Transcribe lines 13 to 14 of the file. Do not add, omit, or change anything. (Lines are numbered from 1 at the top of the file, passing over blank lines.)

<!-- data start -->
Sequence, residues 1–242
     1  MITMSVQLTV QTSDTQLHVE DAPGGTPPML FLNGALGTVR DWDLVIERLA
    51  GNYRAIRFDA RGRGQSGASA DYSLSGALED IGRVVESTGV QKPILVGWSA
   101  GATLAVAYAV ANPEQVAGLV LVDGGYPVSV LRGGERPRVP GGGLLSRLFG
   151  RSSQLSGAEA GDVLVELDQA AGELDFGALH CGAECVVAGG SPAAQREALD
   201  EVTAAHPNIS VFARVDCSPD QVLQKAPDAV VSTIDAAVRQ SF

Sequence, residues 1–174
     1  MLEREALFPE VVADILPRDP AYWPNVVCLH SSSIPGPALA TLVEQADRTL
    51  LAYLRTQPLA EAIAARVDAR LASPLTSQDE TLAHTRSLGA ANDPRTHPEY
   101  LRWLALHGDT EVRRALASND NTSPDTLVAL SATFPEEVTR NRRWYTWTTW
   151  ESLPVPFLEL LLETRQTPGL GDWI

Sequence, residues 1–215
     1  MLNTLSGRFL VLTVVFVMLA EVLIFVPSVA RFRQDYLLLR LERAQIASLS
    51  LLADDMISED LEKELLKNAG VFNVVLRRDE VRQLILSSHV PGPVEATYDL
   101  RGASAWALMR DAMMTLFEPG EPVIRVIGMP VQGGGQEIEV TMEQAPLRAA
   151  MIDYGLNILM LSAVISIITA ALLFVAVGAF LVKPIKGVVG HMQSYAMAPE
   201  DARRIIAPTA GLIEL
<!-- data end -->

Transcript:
     1  MLNTLSGRFL VLTVVFVMLA EVLIFVPSVA RFRQDYLLLR LERAQIASLS
    51  LLADDMISED LEKELLKNAG VFNVVLRRDE VRQLILSSHV PGPVEATYDL